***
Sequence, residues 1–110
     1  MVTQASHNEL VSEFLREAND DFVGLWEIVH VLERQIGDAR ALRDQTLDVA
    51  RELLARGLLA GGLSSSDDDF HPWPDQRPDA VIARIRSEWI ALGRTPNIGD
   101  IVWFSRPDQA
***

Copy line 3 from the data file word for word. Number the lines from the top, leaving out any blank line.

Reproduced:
    51  RELLARGLLA GGLSSSDDDF HPWPDQRPDA VIARIRSEWI ALGRTPNIGD